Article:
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Douglas C. Pizac, Associated Press
Utah Jazz guard Deron Williams wipes his eye while being interviewed during practice for their Western Conference semifinal playoff series against the Lakers.

Carlos Boozer, Deron Williams and some other Utah Jazz players watched a film on their flight back to Salt Lake City from Los Angeles after Wednesday's playoff game.

They loved parts of it. Except the ending. People in Tinseltown might have enjoyed how it wrapped up, but the Jazz hated it — as a viewing audience and as players. "It" being the video of Utah's 111-104 Game 5 loss and its frustrating finish, of course.

"I watched the film (of Game 5) on the flight home and it was a little disappointing," Williams said, "because we had so many chances where we could have took control of the game and just couldn't get over that hump."

Kyle Korver said he watched over the shoulders of Williams and Boozer, who sit next to each other on the team plane.

"Yeah, it was painful," Korver said. "There are definitely some plays that we'd like to have back."

While the Jazz can't ask the director for a new take — reshooting those half-dozen misses when they had a chance to take the lead sure would be nice, though — they can turn the next installment of the saga into a feel-good story when the Western Conference semifinals continue tonight at EnergySolutions Arena.

A win will give the Jazz a chance to produce a better Hollywood ending for them in Game 7 on Monday.

A loss will give the Jazz, who trail the Lakers in this best-of-seven series 3-2, several months off to watch all the movies and shoot all the family vacation films they want.

Though frustrated with how they botched an opportunity to win Game 5, the Jazz say they aren't discouraged or dejected about their chances of fighting off elimination.

"The biggest thing to do is wipe it off, get ready to go (tonight) and let's rock and roll and see what happens," said Jazz coach Jerry Sloan. "The most important thing is that you don't have to win two (tonight). You just have to win one game, and that's the focus you have to have. I think it's exciting myself. I always have loved to be in those situations."

So, too, do his players.

"We have all the confidence in the world that we're going to have a Game 7," Korver said.

"These are the types of games you dream about playing when you're a kid. We're doing that right now," Williams added. "We've got to get two more victories."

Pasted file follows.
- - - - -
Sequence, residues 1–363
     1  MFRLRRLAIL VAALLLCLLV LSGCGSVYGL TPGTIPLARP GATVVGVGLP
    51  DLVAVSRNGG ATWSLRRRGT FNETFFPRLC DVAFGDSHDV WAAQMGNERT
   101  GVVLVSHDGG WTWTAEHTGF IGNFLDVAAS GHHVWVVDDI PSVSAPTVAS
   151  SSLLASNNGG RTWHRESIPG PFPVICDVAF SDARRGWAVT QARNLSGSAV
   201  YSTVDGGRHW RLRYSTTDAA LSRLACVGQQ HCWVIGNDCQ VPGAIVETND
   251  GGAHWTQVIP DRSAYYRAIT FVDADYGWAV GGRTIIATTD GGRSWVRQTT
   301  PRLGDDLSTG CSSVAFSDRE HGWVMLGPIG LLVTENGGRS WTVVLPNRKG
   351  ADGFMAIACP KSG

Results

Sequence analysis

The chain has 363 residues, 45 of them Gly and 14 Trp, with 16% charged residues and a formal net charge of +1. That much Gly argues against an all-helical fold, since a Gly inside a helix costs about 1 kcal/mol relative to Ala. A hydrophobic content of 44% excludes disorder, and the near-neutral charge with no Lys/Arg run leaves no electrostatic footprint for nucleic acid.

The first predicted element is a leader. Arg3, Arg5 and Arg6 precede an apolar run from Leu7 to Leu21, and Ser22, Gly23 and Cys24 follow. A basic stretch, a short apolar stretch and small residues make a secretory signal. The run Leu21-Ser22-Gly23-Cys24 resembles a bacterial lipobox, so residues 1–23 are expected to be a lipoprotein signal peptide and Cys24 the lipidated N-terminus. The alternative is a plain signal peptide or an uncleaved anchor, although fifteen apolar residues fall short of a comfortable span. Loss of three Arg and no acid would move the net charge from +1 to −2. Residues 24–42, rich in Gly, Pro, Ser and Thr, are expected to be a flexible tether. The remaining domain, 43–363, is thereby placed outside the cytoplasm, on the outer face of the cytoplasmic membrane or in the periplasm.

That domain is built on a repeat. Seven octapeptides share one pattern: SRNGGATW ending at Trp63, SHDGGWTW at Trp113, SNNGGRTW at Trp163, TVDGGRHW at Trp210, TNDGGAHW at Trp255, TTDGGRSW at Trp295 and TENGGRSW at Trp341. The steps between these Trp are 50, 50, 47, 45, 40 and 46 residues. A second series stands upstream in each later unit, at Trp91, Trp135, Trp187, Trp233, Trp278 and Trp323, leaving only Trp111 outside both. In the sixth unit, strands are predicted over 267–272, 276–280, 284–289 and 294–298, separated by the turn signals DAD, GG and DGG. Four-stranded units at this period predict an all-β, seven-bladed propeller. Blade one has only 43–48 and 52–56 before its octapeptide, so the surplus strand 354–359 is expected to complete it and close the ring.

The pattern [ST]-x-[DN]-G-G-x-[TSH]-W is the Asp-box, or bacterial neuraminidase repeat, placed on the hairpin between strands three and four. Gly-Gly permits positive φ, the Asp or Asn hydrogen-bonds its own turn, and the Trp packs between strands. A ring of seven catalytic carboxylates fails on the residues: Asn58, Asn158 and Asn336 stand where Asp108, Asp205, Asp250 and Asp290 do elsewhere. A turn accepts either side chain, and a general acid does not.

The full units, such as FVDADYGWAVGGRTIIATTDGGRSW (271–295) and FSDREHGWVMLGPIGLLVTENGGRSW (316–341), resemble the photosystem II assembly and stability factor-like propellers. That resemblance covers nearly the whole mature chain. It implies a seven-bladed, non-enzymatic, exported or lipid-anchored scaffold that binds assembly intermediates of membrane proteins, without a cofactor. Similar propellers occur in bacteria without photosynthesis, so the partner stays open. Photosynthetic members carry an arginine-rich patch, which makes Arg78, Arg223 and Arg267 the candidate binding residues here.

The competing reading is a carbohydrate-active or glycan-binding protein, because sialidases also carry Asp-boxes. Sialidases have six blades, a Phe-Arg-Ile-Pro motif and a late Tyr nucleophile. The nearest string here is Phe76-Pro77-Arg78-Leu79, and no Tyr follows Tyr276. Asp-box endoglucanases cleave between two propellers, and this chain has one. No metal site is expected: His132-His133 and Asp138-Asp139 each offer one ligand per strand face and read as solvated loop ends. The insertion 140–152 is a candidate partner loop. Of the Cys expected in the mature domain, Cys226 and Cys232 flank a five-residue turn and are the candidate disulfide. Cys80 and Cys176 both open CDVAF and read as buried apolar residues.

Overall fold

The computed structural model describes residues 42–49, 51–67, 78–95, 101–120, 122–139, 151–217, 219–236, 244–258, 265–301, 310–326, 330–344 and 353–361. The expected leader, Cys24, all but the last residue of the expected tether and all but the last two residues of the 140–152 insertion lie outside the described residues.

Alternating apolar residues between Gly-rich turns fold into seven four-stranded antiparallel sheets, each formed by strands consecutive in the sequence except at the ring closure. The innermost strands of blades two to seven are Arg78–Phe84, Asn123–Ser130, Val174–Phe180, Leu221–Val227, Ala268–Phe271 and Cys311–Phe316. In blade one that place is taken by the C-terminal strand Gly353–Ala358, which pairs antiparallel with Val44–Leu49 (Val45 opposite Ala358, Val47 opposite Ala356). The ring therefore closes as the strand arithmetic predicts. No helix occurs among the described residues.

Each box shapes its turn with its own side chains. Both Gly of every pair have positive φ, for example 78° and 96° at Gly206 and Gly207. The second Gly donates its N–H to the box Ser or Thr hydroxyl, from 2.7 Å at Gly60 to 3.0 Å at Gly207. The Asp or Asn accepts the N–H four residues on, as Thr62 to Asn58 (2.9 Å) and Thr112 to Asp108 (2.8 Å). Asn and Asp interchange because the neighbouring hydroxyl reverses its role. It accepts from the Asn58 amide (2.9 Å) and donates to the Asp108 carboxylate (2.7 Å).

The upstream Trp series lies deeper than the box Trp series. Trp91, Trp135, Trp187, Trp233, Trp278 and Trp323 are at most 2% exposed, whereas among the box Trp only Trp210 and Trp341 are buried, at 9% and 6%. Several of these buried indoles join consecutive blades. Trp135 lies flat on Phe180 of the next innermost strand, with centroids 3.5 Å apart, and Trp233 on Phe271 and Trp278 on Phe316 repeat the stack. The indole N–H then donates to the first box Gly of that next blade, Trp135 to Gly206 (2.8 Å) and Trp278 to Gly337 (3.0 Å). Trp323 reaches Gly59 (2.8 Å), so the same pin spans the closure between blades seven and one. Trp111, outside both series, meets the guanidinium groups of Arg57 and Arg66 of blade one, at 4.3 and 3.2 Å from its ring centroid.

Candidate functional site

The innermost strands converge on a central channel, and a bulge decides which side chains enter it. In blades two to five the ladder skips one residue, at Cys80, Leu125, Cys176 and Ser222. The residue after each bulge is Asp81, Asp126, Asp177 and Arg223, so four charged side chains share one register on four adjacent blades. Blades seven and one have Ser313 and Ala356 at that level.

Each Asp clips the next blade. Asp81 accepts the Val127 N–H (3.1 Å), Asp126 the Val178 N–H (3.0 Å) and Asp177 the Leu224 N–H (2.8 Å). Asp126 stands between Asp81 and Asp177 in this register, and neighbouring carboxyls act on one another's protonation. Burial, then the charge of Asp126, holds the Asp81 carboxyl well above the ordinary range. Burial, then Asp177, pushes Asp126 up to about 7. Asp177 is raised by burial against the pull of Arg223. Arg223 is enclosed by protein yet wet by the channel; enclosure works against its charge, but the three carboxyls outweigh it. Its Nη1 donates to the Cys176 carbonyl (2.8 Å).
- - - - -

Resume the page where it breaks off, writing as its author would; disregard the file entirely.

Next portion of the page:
This scenario isn't new for most Jazz players, who were forced to win at home and then on the road in Game 7 in the first round last year after falling behind 3-2 to Houston.

"For us, there's one game left and that's (tonight). We win that game, there's one game left after that. And that's how we looked at Houston last year," Boozer said. "We were in the exact same position a year ago. If we can learn anything from that (it's) just to be focused and put everything — all our energy, all our eggs — into (tonight's) game."

The Jazz also dealt with the pressure of needing to win both games in Utah last weekend against the Lakers after losing the first two games in L.A.

"We felt those other two at home were both must-wins as well, so the mindset's the same — stick to the same game plan," Williams said. "I thought we played an excellent game (Wednesday). I thought we executed well. I think our defense can get a little tighter and I think it probably will at home."

And are the Jazz ever glad to be there — where they've posted a lofty 41-5 record this year — for this do-or-die contest.

"It's definitely better being at home facing an elimination game, there's no way around that," Williams said. "We have more confidence at home. Everybody plays better as a whole at home."

The Jazz are hoping to get off to a smoother start in Game 6. They had seven turnovers in each of the first two quarters of Game 5, again putting them in a hole that proved to be a tad too deep.

"It's like we got lost completely to start off," Sloan said. "They got open shots. It looked like they were playing in a pick-up game. We've got to try to take them out of their comfort zone to start off with."

A good start, they believe, could help them force a winner-take-all finale.

"We don't want to go home," Boozer said, obviously referring to players' offseason homes and not EnergySolutions Arena. "Hopefully, we'll play loose, play focused and have a great game. ... We won't be nervous. We'll be very confident (tonight)."

As for the Jazz's film watching, it wasn't all as painful as being forced to sit through a Pauly Shore flick.

"We definitely played better than we did the first two games against them at their place. That's the most promising thing," Williams said. "We had chances to win the game and we were right there till the end.

"We just got to get back and protect home court, get another victory at home and try to go back and win Game 7."

Sloan admitted to taking a bit of a nap during the wee-hour flight, but the coach was glad his players stayed up and watched the game film. Doing things like that, he believes, is necessary "if you want to be a basketball player and want to get better."

"They're young, they're exciting to watch, they're exciting to coach," Sloan added, "but there's still a lot of things you can do to get better."

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